A week ago I had the privilege of attending the seanwes conference in downtown Austin. The seanwes team is one I have been following for years. And the reason I keep coming back to their content on branding, relationship marketing, and goal setting is because it is consistently valuable information.
The Butler School of Music at the University of Texas has done a commendable job showing students that there is an alternative path to the music industry that doesn’t involve record labels, a top five orchestra seat, or a professorship. They brought in Fifth House Ensemble, Dana Fonteneau, Vijay Goupta, Eighth Blackbird and others to open our minds to the range of possibilities our careers offer. These speakers encouraged me to think intentionally about the path I was on, but didn’t give me the resources to build and grow my own sustainable business.
That is why I sought out the valuable expertise of the seanwes team. With experience growing businesses in hand lettering, icon design, podcast editing, videography and writing they are able to speak with clarity on how one can earn a living pursuing a creative passion.
I listen weekly to the podcasts that seanwes puts out, and after doing so for years felt like I knew the team like good friends. They were are part of the rhythm of my life. They were the source of many of the theses that have shaped my business today. But they had no idea who I was. I was an active listener in the sense that I put their ideas into practice in my life, but I didn’t actively engage or reach out.
This all changed after attending the seanwes conference 2016. It was hosted in Austin, so I really had no excuse to miss it.
I went to the conference because, though I knew the speakers would be incredible and the experience would be one of quality, I wanted most to put a face to the names I already knew so well. I wanted to shake hands with Sean and Ben and thank them for the way they have helped me influenced my life. I wanted to get myself around people who are hustling like I am. I wanted to understand others, I wanted them to understand me. I wanted to get even more inspired to grow.
The conference surpassed my expectations.
The people I met at the seanwes conference are the people I want to be around. Every conversation I had was significant. Every person I met was one I was able to spend weeks getting to know. I felt, in many ways, like I was amongst my tribe of people. I joked with my girlfriend that I’ve never been in the same room with so many INTJs in my life. Every one was working intentionally to think bigger about the meaning of their work.
The theme of the conference, think bigger, is one I’m still actively engaging with daily. I spend time wondering if my dreams are significant enough, if my vision is expansive enough, and if I’m being brave enough to acknowledge that I (and everyone else) is powerful beyond measure.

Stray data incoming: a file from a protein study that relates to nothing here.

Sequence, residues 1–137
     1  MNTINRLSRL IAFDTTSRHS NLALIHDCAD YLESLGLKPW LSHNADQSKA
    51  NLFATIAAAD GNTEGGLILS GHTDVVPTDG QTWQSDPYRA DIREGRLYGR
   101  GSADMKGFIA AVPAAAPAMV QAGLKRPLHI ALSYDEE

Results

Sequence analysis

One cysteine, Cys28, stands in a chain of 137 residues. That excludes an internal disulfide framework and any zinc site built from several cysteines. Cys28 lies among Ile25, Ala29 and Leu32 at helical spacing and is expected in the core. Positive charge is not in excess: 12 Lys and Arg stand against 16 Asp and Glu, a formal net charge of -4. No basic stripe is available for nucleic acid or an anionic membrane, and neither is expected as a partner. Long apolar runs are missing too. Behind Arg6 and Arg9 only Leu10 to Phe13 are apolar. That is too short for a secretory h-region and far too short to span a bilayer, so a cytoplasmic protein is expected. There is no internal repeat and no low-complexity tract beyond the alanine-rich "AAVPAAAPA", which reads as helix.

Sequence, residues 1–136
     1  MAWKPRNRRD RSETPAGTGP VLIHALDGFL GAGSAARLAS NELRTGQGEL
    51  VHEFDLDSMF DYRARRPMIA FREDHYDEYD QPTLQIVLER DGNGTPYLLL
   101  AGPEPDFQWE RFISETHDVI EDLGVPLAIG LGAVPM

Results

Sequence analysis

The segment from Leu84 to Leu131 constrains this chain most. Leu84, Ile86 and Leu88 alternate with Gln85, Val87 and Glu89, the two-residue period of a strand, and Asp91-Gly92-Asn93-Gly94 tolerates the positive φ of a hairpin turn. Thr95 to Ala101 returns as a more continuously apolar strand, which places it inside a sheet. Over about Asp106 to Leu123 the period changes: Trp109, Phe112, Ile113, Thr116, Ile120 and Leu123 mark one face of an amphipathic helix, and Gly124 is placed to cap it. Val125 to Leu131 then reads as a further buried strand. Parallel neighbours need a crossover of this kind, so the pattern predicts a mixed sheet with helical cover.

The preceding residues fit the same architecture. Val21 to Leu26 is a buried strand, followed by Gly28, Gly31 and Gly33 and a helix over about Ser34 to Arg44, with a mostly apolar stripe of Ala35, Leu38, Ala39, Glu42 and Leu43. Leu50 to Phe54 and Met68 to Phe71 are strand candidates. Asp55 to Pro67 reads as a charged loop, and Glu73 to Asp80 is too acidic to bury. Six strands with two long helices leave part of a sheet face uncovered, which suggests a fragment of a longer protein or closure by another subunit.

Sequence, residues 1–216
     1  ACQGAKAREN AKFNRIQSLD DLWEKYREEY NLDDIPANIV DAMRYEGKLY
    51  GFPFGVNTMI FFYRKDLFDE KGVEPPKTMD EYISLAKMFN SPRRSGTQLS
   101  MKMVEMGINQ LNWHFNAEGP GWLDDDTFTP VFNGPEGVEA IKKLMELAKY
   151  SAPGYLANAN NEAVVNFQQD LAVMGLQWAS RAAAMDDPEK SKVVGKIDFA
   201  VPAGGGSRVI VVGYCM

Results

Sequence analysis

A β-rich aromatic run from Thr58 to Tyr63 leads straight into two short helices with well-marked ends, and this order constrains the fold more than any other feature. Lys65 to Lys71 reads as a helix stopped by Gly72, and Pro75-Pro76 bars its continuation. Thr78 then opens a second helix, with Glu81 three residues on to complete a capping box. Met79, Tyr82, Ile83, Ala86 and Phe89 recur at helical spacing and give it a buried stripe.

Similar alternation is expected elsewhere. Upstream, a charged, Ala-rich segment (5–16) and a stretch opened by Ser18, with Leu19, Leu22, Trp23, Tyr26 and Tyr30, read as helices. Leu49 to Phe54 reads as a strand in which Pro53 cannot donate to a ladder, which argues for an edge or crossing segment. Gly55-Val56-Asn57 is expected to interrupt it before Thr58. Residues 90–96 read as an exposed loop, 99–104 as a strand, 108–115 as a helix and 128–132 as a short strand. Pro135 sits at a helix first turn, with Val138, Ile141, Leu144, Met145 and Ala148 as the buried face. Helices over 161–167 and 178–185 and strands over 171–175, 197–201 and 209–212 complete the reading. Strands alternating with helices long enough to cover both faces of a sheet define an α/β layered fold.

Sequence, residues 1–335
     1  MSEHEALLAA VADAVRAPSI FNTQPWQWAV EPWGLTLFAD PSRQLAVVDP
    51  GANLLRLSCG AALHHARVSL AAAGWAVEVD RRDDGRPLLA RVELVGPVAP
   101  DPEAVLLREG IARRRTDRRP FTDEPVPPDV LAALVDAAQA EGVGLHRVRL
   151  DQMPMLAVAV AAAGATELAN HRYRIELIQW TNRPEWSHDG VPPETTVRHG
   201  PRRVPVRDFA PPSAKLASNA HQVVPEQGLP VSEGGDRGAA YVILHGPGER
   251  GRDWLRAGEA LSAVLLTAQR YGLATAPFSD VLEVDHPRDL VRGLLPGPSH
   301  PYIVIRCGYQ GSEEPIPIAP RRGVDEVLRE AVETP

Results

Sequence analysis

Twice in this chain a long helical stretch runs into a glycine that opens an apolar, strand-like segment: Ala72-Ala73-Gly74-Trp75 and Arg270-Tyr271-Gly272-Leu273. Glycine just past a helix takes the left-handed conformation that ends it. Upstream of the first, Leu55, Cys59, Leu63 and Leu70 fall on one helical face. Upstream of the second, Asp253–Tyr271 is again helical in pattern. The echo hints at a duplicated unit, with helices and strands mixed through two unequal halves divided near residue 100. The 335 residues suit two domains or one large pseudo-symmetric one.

Sean McCabe’s talk, the last of the conference, challenged all attendees to think big. Instead of just developing a product, a service or a teaching sequence we need to redefine what it means to work in our industries.
What does it mean to redefine music education as it is now? What is changing? What should be changed?
These questions are ones that I’m actively pondering, but a few ideas come to mind that I plan to elaborate on in future posts.
First, how to reframe music education as a necessary investment and not a luxury. As Dr. Duke put it in class the other day, music is a matter of quality of life. Every student deserves, needs, quality music education in their life. I passionately believe that every person that I teach will become a more capable human, get in touch with their humanity, and lead a better life. The challenge is in communicating that value to those who I want to help.
Second, the internet is changing the way we interact. As Sean has proven, artists who use their hands to produce incredible work are finding vast audiences through the internet. By using the internet as an unprecedented tool for documenting what we do there is now the possibility for students to find teachers with expertise with principles that align with their own ambitions. Furthermore, the internet offers a medium for community building. Teachers can surround themselves by other amazing teachers and learn from each other as they haven’t had the opportunity before. And despite all of these promising opportunities, I can’t help but be concerned about the way internet culture also shapes our attention spans, consumption, and psyche. In some ways I wonder if violin lessons can be a counter cultural opportunity to protect mindfulness and build skills that will be so necessary in a rapidly changing world. I don’t know how the internet will change our perceptions of proximity, time, and knowledge, but I will stay very aware of how other industries are reacting to its potential.
And this leads to my third wondering, what is the future of music anyway? I have no idea, but do know that it has been a part of the human condition for as long as we have been humans. I think music is here to stay.
All of these questions bring me to thoughts of my work in this moment. What do I think is normal? What is the baseline of expertise in my field? How good do I need to be? How much good can I offer?
These thoughts are swirling in my head. I don’t have answers, not yet. But I am indebted to the seanwes conferences for providing me the head space, the inspiration, and the radical ideas from which I can build forward and reverse engineer the trajectory of my life.